BUT THERE WERE TWO MAIN TRIGGER HORSES AS CAN BE SEEN FROM THE BUILD AND MARKINGS, WHO WERE THE BEDROCK OF THE MOVIES, TV SERIES, AND "ON THE ROAD" RODEO AND SHOW APPEARANCES. TO BLEND THEM IN CONVERSATIONS AS TO MAKE-OUT THERE WAS "ONE" TRIGGER, AS ROY AND DALE DID ALL THE TIME, WAS VERY WRONG; BEING OPEN AND ABOVE ABOUT IT ALL, WOULD HAVE BEEN THE HONEST WAY TO HAVE GONE - Keith Hunt
The films and shows were a result of hardworking and skilled people and animals. Roy and "Trigger" were out front, but up ahead, perhaps days ahead, in the background and on the sidelines, many other talented people were required to make the show go on. People and horses cannot be in two different places at the same time. And when shows are being scheduled miles apart and time is tight and physical endurance gets pushed to the max, whether it be films being made or shows being put on, the only solution is backups, or "doubles" as they're called in the business. With a person, distance and camera angles are employed to create the illusion necessary to trick the eye of the beholder. This isn't necsessarily true with a horse, unless the observer is very familiar with horses. Most of the observers that will say that they can tell one "Trigger" from another were fans of Roy and "Trigger." And the legend was created for, and has been maintained for, those fans.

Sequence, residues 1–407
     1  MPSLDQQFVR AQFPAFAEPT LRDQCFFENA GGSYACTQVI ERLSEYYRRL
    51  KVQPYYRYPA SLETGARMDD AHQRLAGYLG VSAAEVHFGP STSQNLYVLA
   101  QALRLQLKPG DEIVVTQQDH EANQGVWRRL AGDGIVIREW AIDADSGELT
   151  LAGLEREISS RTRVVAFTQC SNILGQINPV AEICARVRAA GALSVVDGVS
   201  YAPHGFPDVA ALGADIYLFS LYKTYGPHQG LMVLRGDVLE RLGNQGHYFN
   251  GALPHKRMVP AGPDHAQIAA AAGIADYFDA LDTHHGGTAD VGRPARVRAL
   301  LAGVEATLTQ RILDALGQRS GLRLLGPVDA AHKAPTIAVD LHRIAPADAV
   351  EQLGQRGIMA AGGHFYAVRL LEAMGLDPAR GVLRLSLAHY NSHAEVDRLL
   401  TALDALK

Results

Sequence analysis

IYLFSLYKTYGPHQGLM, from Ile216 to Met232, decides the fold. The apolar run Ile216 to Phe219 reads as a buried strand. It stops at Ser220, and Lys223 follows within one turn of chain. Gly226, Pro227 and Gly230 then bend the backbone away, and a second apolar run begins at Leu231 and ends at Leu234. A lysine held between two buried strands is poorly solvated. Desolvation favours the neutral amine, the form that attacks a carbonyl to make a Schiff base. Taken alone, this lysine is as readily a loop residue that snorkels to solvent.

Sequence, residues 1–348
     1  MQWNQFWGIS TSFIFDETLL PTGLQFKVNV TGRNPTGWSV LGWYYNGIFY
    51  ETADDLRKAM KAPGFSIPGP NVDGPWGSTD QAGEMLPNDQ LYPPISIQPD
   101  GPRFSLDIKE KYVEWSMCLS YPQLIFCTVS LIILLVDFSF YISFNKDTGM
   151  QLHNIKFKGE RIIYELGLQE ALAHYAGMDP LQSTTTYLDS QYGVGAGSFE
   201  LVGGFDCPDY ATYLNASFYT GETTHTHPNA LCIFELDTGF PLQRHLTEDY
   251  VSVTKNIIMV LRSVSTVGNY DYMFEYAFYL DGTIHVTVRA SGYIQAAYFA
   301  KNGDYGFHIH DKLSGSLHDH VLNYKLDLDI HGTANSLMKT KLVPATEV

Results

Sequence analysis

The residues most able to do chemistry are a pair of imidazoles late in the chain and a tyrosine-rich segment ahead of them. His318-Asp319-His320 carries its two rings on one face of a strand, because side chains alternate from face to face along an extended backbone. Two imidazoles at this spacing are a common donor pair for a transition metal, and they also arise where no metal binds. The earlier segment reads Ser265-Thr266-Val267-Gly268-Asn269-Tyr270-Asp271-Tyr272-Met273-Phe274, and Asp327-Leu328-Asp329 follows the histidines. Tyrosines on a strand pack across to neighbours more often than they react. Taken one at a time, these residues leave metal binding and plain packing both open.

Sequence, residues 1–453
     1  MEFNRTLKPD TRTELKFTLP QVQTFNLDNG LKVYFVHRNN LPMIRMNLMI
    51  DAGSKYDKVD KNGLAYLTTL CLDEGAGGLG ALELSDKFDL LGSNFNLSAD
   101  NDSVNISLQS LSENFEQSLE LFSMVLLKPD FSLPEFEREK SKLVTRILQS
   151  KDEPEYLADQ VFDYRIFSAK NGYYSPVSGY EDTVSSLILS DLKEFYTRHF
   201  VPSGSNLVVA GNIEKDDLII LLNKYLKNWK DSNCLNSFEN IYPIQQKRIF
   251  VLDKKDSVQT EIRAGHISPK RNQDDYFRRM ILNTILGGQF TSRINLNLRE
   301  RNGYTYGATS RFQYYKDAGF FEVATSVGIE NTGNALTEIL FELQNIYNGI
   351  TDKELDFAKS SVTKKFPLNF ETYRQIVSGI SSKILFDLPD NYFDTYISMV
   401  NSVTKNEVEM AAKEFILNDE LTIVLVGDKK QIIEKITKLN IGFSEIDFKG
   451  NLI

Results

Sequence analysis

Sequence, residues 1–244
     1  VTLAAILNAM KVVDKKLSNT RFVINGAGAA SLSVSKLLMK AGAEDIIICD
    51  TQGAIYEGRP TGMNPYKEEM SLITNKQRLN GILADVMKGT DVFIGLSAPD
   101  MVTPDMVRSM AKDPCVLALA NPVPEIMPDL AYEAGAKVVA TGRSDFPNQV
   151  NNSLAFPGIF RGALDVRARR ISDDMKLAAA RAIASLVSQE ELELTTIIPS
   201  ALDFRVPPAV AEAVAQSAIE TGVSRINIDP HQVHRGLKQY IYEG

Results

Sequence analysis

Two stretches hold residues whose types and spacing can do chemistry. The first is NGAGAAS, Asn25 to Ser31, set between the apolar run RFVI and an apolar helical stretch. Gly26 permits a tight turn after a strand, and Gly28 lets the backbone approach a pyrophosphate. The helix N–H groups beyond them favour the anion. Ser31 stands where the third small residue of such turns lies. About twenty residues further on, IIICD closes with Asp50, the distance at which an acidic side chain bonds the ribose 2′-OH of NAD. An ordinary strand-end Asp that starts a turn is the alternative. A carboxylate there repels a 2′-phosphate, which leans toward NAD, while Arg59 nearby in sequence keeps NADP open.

It does not appear that Roy Rogers is going to change the way he refers to "Trigger." It is clear to me after studying the many interviews and conflicting statements made over the years, that when Roy says, "Trigger," the name is always in quotations marks. The "Trigger" he will refer to is whichever one the question most readily applies to, or whichever one he is thinking of at the time. This is publicity thinking, and he has done it throughout his career. It has maintained the legend of "Trigger" ever since the horse first rode into our lives. For the most part, when Roy rode out on his horse, the horse was advertised and promoted as "Trigger," just as the man born Leonard Frank Sly, even prior to the name change, was advertised and promoted as "Roy Rogers."